Consumers throughout the nation are striving to reduce their energy usage, by investing in energy efficiency products and connected devices. Energy companies that provide service to residential and commercial consumers are also doing their part, as well.
Wilde Lake Middle is the first of its kind, a net-zero energy school that relies on a $33 million solar panel array to generate energy. In fact, the 1,400 solar panels, along with 600 panels that collect sunlight from the ground, will generate enough energy to suffice the school’s uses. The new school in Columbia is larger than the former Wilde Lake School it is replacing.
Howard County is anticipating a significant enrollment growth, so the school was designed to facilitate this need. The 48-year-old Wilde Lake School will be demolished and transformed into a bus loop and athletic fields. The new school was built on the same campus, so parents, children and bus drivers do not need to worry about new bus routes.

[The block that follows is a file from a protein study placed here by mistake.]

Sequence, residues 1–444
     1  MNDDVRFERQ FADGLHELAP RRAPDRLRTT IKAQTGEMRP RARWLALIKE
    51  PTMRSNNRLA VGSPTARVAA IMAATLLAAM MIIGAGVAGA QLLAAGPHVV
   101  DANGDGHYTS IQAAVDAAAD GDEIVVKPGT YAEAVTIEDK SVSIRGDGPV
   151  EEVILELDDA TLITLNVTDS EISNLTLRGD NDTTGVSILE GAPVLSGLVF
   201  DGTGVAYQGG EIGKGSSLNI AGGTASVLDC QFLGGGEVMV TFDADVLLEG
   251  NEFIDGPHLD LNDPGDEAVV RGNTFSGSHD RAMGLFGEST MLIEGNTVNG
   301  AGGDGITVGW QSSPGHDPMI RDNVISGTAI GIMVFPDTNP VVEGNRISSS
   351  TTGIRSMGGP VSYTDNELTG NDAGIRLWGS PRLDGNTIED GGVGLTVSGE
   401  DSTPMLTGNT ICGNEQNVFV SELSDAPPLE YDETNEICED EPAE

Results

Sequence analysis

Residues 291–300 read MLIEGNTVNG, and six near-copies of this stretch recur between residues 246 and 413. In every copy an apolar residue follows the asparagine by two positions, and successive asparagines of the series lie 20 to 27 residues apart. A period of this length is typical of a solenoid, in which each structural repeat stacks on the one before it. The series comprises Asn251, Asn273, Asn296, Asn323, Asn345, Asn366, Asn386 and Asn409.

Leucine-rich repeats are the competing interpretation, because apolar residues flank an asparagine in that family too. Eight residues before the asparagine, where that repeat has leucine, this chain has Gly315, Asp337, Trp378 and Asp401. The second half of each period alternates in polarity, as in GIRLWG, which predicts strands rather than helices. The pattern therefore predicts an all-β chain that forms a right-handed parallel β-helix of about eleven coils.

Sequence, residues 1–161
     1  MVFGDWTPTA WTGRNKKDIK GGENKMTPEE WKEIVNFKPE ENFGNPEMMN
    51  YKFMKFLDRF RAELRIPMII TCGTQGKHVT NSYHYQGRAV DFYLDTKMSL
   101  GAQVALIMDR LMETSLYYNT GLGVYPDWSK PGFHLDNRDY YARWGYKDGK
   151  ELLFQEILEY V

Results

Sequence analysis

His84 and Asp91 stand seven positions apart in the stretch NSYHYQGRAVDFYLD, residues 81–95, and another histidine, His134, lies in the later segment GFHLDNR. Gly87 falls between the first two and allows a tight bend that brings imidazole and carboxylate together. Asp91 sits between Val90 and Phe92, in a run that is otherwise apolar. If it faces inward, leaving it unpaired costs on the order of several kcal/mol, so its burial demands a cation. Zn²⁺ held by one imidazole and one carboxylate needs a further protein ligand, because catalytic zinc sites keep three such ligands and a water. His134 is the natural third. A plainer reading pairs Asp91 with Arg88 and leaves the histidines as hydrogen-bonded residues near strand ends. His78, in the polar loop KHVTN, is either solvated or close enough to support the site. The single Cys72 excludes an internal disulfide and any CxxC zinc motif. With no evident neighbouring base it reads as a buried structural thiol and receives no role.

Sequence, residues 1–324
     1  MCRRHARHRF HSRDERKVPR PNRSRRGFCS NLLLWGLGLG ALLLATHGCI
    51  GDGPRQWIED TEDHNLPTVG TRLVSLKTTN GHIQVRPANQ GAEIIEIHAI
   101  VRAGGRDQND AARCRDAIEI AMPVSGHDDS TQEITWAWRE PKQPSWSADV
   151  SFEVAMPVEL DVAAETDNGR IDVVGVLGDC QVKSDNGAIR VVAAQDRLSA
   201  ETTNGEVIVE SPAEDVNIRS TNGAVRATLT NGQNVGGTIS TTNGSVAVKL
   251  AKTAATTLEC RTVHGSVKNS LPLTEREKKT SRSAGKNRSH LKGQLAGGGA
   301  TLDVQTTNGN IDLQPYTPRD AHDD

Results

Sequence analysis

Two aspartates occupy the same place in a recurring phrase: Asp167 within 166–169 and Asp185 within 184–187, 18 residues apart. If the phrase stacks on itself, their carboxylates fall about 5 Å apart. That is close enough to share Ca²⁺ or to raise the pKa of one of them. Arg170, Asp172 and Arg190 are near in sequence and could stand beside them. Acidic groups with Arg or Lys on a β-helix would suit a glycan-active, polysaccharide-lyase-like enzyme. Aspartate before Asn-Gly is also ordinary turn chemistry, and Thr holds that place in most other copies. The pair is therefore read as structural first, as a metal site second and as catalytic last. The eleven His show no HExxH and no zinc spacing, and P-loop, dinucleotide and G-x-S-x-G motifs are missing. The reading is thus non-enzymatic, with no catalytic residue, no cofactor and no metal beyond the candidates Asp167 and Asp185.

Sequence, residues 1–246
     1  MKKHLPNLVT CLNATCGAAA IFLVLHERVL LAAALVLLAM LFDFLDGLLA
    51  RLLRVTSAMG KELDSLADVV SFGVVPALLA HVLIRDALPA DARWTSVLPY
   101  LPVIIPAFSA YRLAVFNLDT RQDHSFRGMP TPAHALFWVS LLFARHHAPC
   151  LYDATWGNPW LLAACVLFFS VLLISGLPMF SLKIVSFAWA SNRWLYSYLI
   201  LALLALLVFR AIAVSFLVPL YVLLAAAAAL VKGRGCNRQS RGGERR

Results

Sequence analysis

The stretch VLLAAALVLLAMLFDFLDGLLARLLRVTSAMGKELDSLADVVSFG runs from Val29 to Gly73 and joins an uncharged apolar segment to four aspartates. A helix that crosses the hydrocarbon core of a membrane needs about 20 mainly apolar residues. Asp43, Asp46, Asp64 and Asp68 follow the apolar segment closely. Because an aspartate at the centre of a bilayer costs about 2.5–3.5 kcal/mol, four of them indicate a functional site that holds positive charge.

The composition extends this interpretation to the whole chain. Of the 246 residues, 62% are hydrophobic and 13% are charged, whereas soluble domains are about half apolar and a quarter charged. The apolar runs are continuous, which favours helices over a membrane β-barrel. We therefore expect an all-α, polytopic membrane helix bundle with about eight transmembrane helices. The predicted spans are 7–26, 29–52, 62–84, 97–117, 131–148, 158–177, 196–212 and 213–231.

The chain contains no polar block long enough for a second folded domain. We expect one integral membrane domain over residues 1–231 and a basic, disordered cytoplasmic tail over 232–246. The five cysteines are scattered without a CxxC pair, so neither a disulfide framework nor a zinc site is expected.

The new Wilde Lake Middle opened on January 2, 2017, when the students entered the facility for the first time after an 11-day winter break. According to school’s Principal Anne Swartz, the students were excited and full of smiles, when they arrived at the new facility.
Doug Spicher, a Wilde Lake Middle science teacher, is incorporating the solar panels into his teaching materials. He shows the students how much energy is produced by the solar array, with a very detailed graph. The solar panels will not produce as much energy on cloudy days, compared to sunny days.
The school energy usage will be drastically down on weekends, but at the beginning of the week, the solar panels will be ready to suffice the school’s energy needs.